PDT is a revolutionary non- invasive treatment for the removal of abnormal skin or damaged skin with a naturally occurring photosensitive chemical.
The photosensitive chemical used in PDT is called PDT-ALA (aminolevulinic acid) and has been used world-wide to treat cancers, skin cancers and precancerous areas.
There is minimal patient downtime and cosmesis is excellent. PDT is not a new treatment (see history of PDT below) but the process of PDT for treating damaged skin was refined in 1990 into a safe, efficacious and relatively pain free procedure without significant side effects.
Photodynamic therapy (PDT) in conjunction with Allmedic™ supplies is available at Skin HQ to treat solar keratoses as well as treating some some signs of skin ageing.
PDT can be used in the treatment of:
Photodynamic therapy (PDT) is a remarkable, non-invasive treatment to repair sun damaged, blemished, or ageing skin with a naturally occurring photosensitive chemical, aminolevulinic acid (ALA) and a special light source.
Many people on the Gold Coast from their mid-thirties onwards now suffer from premature skin ageing, largely due to sun damage from time in our harsh sun and other lifestyle factors.
Skin HQ uses PDT treatment as well as IPL and laser to treat skin ageing and sun damage. Which treatment modality will depend on the patient's skin type as well as other factors regarding patient suitability.
All treatments can address premature ageing by evening out skin tone, treating brown pigment and fine blood vessels and subtly restructuring collagen within the skin.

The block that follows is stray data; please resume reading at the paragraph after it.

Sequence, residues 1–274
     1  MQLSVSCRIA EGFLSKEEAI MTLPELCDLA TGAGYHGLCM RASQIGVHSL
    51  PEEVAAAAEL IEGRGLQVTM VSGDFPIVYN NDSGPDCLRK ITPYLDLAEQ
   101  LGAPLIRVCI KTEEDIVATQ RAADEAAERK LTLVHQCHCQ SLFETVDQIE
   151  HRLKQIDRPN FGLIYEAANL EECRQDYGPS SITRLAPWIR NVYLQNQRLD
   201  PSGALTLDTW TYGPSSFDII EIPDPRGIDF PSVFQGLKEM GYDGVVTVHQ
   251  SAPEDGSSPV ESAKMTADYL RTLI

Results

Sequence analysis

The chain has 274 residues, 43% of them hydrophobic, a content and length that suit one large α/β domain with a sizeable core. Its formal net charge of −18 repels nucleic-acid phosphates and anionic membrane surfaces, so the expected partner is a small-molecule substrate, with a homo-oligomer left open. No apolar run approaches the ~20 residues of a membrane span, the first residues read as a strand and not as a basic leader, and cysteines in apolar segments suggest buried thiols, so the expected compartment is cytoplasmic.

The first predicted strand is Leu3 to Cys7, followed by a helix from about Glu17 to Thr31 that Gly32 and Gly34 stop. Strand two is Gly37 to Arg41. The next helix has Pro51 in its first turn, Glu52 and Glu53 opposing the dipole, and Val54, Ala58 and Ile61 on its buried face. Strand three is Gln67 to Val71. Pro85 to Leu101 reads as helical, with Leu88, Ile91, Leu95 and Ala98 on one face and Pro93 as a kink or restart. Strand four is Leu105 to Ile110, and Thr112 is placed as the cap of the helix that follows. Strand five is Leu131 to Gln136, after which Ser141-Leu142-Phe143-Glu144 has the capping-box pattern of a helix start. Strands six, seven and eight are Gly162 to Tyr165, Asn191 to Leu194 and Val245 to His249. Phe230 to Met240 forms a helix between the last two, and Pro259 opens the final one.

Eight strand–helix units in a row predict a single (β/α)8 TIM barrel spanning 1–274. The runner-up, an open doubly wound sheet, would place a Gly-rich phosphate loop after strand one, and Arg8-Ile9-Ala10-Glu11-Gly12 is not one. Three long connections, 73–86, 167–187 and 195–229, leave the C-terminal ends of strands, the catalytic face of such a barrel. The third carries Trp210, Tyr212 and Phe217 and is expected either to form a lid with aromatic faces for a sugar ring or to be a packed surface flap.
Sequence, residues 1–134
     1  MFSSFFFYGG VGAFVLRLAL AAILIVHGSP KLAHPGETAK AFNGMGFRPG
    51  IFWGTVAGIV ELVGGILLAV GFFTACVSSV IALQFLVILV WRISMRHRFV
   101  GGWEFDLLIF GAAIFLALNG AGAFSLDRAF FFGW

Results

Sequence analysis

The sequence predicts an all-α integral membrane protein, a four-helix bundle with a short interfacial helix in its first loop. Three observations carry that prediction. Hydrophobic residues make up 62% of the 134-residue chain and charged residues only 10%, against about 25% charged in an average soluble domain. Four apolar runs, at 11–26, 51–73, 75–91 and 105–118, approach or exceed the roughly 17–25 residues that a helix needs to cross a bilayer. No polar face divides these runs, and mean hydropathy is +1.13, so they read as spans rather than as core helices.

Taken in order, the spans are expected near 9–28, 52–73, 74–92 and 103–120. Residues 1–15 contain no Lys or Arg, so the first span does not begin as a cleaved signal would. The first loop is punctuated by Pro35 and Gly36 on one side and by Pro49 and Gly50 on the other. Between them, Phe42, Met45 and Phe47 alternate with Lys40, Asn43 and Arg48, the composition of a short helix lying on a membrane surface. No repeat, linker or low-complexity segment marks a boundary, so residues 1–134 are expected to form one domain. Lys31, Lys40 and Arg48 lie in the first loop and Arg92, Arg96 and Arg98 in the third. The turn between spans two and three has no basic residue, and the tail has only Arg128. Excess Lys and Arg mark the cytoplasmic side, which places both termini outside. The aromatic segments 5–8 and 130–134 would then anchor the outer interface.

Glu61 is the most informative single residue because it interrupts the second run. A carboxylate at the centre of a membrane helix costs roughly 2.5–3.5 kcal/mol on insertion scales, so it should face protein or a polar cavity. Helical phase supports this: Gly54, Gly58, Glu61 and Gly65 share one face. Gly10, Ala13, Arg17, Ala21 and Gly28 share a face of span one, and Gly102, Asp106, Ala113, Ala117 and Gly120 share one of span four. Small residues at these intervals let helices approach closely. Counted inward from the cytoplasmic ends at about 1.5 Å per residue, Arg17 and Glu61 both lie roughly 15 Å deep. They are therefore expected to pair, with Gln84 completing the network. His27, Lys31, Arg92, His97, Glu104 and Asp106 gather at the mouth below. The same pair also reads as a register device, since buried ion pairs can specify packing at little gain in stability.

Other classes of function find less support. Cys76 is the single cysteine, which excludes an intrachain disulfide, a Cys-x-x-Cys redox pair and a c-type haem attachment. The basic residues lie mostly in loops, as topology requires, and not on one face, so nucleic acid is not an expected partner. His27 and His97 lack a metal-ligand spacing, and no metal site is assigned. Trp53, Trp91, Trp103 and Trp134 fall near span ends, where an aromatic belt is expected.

There are three main reasons why ALA (aminolevulinic acid) is able to identify, target and treat only precancerous cells.
Once identified PDT then kills the [targeted] tumor cells by a mixture of necrosis and apoptosis, the blood supply is
damaged and the host immune system activated.
See below Part 2 - How PDT works .
PDT is a two treatment process with a 4 week interval between treatments.
See more about a Skin HQ skin consultation including preparation and aftercare.
Photodynamic skin treatments are only recommended for skin types 1-3, please see below for more contraindications (reasons why we may not be able to use PDT in your case).
To prepare the skin for PDT treatment a specific skin care regime using medical-grade skin care products is prescribed to rejuvenate, rehydrate, and repair the skin for two weeks before the PDT treatment in the clinic.
This two-week skin preparation also transforms nerve fibres in the skin to a less irritable state, minimising discomfort.
On the day of the treatment, aminolevulinic acid (ALA) is applied to the skin (e.g., face, arms, scalp, etc.) where it gets absorbed preferentially into the damaged skin cells, leaving healthy skin cells alone. Then, the treatment area (e.g., face) is placed first under a blue then red LED light source for a proscribed period of time, during which the skin cells that have absorbed the ALA are selectively destroyed.
After a short period of downtime during which the skin is healing, the new and healthy skin surfaces to reveal less damaged skin with fewer skin blemishes and better skin texture.
After the PDT treatment, a soothing cream will be applied, which can also be purchased to apply in the next few days to help minimise discomfort. The skin is especially sensitive to any bright light for the first 48 hours, making it very important to avoid exposure to the sun and even indoor lighting.
It is strongly recommended that you rest at home, away from direct sunlight and fluorescent lights for 48 hours after treatment.
A specially-designed legionnaire’s hat can be purchased to provide maximum protection for any procedure above the shoulders. Wearing long-sleeved shirts after treatment on the arms is also recommended.